The Pine Hill Haints, of Northern Alabama, U.S.A., could be quickly described and sorted as something like: The Clash without their amps playing Hank Williams songs on Woody Guthrie’s grave; I imagine it’s something like a slightly-more-rundown headstone near the Felice Brothers and Felice brother-in-law A.A. Bondy. Case closed, grave dug, etc. But in the ground below the surfaces of To Win or To Lose is an excellent record that connects the lines between country and punk without losing either genre’s powerful, primitive roots.
The Haints’ second K Records LP is at times passionate and defeated, despairing and obscurely hopeful, which makes sense, really; only the weariest among us can let themselves be so deeply consoled by a future in which “My Bones Are Gonna Rise Again,” a song which begins as a banjo-led gypsy bop and falls into a passionately group-sung chorus; that track immediately follows the self-assured doubt of “Never Gonna Die,” a haunted house anthem that tries to step around the fear of death by simply refusing to give it any space. The world and music of the Haints is confused because it’s confusing; there is a crack in everything, to quote Leonard Cohen, but sometimes it’s hard to see the light filtering through.
To Win or To Lose starts off strong, with a steam-hiss intro of shattering guitars and snare-drum smacks. The song builds on a creosote-scented bedrock of chugging drums and bass while the guitars float in and out of tune, crying randomly with the combustion of fuel into power. A railroad-crossing bell pulls the intro into “Not So Lucky and the Invisible Kid,” a two-minute throttle of a country song, before falling into the excellent “Charley Horse,” which manages a guitar solo, shouted breakdown, and a serious anthem of a bridge in exactly one minute—all of this done with minimal electric guitar and drums, all of which stings and punches in the right ways. These short bursts of energy are where the Haints truly haunt, rolling with energy and soul like a downhill hearse.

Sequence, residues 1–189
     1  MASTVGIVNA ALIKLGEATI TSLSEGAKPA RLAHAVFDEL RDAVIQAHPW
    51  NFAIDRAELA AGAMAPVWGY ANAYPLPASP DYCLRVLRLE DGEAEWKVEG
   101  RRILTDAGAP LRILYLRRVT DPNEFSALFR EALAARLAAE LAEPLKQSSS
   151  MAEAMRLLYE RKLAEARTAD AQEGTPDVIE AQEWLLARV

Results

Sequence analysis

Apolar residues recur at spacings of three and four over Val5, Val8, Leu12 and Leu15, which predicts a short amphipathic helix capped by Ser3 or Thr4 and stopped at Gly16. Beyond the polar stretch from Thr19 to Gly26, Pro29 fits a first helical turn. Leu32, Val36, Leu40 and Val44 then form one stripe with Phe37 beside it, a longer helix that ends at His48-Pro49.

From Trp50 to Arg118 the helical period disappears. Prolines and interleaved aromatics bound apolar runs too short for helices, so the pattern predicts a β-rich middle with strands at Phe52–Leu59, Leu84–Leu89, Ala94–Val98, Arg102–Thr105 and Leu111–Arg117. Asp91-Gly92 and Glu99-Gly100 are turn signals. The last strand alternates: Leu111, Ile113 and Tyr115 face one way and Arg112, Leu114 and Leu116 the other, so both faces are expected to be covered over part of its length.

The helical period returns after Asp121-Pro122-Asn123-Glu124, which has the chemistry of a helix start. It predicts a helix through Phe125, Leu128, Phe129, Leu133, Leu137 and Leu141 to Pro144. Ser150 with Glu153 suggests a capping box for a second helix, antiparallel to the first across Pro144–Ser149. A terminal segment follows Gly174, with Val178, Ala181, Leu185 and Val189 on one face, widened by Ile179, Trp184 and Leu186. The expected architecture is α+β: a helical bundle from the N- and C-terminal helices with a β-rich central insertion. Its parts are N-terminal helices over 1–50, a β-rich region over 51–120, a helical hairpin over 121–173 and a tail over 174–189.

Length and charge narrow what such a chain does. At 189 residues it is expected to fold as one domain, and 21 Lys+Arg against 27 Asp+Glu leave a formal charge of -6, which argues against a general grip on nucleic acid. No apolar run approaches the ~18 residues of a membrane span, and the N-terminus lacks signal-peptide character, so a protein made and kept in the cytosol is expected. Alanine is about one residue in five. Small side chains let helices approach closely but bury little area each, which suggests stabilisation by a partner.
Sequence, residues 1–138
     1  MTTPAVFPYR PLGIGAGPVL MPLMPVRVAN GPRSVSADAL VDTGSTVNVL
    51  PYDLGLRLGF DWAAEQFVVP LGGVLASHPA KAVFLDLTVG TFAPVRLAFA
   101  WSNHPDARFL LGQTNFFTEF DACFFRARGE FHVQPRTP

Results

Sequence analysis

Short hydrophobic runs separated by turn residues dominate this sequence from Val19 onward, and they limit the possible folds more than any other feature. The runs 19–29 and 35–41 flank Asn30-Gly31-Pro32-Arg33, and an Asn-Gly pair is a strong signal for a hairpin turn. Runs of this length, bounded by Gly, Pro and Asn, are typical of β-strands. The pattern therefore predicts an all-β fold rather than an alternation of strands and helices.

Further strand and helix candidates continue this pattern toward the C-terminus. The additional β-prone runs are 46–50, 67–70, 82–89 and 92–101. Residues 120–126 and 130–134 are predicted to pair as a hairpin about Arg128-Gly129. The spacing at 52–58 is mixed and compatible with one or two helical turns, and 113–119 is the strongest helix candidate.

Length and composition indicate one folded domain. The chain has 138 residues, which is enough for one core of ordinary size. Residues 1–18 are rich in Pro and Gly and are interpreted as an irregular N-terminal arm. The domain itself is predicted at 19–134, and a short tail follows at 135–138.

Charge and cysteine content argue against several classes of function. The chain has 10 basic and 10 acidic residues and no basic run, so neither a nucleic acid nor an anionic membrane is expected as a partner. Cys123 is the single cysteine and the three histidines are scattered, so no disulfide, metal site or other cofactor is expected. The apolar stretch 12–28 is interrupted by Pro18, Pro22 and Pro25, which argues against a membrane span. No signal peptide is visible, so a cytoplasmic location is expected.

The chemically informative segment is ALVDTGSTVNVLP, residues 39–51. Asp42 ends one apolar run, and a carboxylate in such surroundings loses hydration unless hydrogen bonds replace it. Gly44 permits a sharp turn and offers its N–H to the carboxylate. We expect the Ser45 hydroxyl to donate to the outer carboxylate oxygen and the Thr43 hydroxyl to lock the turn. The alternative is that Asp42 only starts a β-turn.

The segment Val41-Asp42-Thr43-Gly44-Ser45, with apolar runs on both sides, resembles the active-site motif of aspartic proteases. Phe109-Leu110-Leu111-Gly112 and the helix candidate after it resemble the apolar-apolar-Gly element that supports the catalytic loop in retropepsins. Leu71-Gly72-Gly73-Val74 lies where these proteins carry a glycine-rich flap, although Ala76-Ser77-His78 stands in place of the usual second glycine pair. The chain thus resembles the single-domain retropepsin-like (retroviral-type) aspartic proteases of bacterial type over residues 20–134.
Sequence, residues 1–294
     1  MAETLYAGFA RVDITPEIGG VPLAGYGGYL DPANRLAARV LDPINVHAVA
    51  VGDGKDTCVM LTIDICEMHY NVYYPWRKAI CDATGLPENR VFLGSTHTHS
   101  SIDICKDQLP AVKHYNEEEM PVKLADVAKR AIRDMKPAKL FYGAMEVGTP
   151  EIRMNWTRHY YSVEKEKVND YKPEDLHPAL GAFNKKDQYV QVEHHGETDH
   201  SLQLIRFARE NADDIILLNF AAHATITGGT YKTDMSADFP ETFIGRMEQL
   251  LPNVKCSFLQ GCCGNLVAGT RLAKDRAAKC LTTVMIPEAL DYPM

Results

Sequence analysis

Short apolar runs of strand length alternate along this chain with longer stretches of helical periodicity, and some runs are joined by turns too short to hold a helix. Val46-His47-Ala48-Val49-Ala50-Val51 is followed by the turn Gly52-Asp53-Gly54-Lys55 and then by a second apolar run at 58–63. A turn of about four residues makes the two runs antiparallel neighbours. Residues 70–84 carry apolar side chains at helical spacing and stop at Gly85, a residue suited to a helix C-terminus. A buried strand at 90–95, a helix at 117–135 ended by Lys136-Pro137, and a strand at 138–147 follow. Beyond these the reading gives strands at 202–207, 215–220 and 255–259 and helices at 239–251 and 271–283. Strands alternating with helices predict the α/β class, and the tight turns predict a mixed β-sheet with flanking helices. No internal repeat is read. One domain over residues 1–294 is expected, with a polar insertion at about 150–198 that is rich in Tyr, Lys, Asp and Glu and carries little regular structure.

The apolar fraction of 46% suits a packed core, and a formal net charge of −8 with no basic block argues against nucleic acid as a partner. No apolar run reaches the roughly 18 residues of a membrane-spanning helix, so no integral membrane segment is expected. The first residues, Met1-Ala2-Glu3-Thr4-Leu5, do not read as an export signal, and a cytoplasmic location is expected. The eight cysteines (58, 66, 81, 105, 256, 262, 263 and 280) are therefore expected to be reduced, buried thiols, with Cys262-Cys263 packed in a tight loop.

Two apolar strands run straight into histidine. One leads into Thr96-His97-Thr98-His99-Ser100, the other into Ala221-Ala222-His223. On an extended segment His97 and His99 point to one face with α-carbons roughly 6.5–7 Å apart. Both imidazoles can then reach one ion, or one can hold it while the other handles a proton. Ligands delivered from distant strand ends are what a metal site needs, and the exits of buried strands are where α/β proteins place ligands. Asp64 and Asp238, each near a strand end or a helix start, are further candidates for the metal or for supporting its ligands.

While the spit-shined punk tracks are the standouts, the Haints prove that they can tackle big city noir on “Revenge of the Spider-Web Boy” and try an ill-advised round of bonesy calypso on “Bordello Blackwidow.” The record’s true standout, though, is “Never Cry,” a patiently-orchestrated guitar-and-accordion runner that spells out the quiet despair of hardened hearts. “I never got famous, I just got dead broke,” grumbles singer Jamie Barrier. “You can never cry,” goes the chorus, and it’s not a clarion for the Tough, but the shaken-head woe of the broken. Intense and immediate pain is one thing to deal with, but what do you do with a lifetime of further-pressed bad luck? “Ta-loo-rye-eye, you can never cry.” It’s not that you’re not allowed; it’s that you just can’t. But of course, the accordion groans as it gets pulled apart, and the sound is still made beautiful.
There’s a sense of resignation on To Win or To Lose, too, that the world isn’t really going to get any better, and it seems to grant the group the freedom to walk around a little bit; if the world itself can’t be bothered to treat us kind, we’d better cast around some and find what will. It’s no perfect country—the heartache is very real—but it is the place where the Pine Hill Haints find themselves. It’s populated by Theremin squeals; Cajun funeral dirges; robbers, cowards, desperate folks, and trains to carry them all away to the this-world space between north and south, faith and doubt, city and country, yesterday and today—a temporary layover, but no less real for its transience. words/ m. garner